Bursae are fluid-filled sacs that act like cushions. They keep tendons and bones from rubbing against each other. Bursae are found in places like the shoulder, hips, knees and ankles. Bursitis occurs when bursae sacs become inflamed. Usually this happens if the bursae or tendon is over-used.
Bursitis causes pain and tenderness around the affected bone and tendon. This makes it hard to move this part of the body.
Sometimes the bursae sacs fill with fluid when inflamed, which causes swelling over the bony part of the body.
Fever may indicate another problem, such as infection the bursa, joint, or skin.
Bursitis is caused when the bursa sac of a particular set of bones and tendons becomes inflamed, usually due to overuse. Sometimes trauma to a bursa will cause bursitis. Bursae can become infected, although this is not common.
Cushioning the part of the body affected or using stretching and warming exercises prior to exercise can sometimes prevent bursitis. Using a soft mattress cover or foam mattress can help prevent bursitis of the outer hip region.
Diagnosis of bursitis is made by physical examination and history. The injured bursa will be tender when moved or pressed on. Occasionally redness or warmth can be felt over the affected area.
X rays and blood work are generally not done unless an infection is suspected. If so, a needle can be placed into the bursa to obtain fluid. This is sent for analysis to rule out infection and to confirm the diagnosis.
Bursitis can become chronic causing scarring of the bursae and perhaps chronic pain.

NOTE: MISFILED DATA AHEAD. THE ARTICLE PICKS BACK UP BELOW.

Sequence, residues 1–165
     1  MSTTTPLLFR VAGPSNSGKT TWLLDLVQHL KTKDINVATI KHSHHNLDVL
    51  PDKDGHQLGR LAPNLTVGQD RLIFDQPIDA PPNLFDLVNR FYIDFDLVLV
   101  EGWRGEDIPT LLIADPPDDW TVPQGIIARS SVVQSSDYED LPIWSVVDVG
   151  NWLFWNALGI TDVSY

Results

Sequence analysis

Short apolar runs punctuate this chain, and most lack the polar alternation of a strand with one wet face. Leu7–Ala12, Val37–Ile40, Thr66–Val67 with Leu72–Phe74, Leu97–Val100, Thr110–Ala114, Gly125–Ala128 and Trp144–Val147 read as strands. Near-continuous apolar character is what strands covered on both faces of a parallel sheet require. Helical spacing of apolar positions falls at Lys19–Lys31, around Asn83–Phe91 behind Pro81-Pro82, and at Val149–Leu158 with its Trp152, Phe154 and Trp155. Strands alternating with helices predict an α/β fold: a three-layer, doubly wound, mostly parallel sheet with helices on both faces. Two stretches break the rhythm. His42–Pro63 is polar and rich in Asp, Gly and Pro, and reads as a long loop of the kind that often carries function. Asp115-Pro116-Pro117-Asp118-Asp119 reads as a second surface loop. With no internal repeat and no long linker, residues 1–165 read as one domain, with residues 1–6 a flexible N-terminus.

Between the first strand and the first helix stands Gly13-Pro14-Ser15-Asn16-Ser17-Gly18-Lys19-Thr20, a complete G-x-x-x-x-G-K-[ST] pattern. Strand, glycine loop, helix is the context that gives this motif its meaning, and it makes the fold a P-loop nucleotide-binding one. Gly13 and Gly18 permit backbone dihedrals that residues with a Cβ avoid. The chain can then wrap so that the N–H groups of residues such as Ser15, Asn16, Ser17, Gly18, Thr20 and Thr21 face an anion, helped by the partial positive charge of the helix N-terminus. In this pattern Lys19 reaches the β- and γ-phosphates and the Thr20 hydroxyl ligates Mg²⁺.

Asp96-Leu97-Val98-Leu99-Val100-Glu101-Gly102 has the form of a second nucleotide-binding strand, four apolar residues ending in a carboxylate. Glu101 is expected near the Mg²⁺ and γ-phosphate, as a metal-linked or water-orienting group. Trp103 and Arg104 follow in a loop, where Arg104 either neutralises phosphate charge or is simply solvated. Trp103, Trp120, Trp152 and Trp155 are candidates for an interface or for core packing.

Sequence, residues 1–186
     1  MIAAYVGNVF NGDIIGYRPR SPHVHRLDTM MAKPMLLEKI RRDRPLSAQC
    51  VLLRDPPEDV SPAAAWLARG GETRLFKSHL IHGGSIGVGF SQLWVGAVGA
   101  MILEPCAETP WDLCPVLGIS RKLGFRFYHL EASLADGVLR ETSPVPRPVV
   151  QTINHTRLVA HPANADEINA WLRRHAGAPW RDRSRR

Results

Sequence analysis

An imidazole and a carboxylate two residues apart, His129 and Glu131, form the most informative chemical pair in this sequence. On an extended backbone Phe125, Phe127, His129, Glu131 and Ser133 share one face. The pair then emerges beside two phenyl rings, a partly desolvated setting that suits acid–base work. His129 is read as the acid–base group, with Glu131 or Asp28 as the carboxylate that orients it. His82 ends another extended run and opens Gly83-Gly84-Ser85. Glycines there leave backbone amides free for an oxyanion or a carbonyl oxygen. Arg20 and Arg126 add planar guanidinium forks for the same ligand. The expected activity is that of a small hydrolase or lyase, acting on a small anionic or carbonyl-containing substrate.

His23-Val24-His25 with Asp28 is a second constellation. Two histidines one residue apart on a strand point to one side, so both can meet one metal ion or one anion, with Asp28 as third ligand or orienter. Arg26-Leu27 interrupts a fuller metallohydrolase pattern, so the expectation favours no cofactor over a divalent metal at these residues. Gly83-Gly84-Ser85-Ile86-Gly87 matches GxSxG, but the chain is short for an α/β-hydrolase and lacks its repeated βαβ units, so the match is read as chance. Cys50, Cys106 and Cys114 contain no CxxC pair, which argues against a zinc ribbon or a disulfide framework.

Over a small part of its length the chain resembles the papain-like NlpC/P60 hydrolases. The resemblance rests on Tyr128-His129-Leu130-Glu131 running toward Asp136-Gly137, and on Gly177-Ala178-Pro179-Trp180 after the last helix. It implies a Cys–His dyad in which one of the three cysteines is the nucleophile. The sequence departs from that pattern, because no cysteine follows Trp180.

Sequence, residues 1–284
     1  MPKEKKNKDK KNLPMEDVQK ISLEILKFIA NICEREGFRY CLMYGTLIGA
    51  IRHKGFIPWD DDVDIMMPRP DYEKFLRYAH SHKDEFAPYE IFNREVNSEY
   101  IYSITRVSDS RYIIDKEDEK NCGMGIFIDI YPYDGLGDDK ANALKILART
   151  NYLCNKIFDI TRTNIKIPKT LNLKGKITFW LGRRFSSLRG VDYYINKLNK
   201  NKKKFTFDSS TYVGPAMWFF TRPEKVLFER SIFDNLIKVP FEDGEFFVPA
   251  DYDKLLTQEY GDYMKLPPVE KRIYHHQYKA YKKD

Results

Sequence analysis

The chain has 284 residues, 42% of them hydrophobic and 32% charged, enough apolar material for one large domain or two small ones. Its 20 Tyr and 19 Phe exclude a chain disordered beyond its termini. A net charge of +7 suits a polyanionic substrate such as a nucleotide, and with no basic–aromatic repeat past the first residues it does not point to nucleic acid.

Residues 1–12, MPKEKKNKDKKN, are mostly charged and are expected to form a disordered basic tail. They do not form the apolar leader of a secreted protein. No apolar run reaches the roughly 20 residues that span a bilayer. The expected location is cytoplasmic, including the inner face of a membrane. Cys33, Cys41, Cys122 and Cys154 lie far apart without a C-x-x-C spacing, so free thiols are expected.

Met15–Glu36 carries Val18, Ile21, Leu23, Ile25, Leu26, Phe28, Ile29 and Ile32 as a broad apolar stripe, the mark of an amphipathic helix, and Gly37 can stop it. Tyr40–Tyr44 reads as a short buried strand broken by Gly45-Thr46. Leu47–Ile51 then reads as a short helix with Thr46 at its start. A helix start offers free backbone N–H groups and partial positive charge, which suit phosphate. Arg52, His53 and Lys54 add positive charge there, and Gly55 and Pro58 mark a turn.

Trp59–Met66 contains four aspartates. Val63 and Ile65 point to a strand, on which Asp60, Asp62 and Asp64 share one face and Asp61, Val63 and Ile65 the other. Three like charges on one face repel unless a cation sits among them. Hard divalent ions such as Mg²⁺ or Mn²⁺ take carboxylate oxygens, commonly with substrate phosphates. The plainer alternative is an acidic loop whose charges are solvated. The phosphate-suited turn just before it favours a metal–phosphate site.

Bursitis is not contagious and does not put others at risk.
Treatments include rest, icing the affected bursa, and using non-steroidal anti-inflammatory drugs, such as ibuprofen (i.e., Advil, Motrin) or naproxen (i.e., Aleve, Anaprox, Naprosyn), or other pain relievers.
If this does not work, steroids, such as cortisone, with or without an anesthetic, such as lidocaine (i.e., Xylocaine) can be injected into the affected bursa and can provide dramatic relief.
To do this, the area of skin over the bursa is sterilized with a cleaning solution and a small needle is placed into the bursa, releasing steroids and numbing medicine. After a few days the steroids will calm the inflammation, relieving the pain and improving range of motion.
Some people cannot take anti-inflammatory drugs since they can irritate the stomach and, if taken on a regular basis, can produce stomach ulcers.
Injections are usually well tolerated, but should not be given to anyone allergic to steroids or a numbing medicine such as lidocaine (i.e., Xylocaine). Injections can cause infection or bleeding, although this is rare. People on blood thinners, such as warfarin or aspirin, should talk to their doctors before having a steroid injection.
After an injection, people should rest and apply ice to the affected bursa. Anti-inflammatory drugs may be taken along with the steroid injection to help relieve pain and swelling. As the bursitis resolves, people may return to their former activities. But, this can cause the bursitis to recur if it is done too soon.
The disease is monitored by physical examination.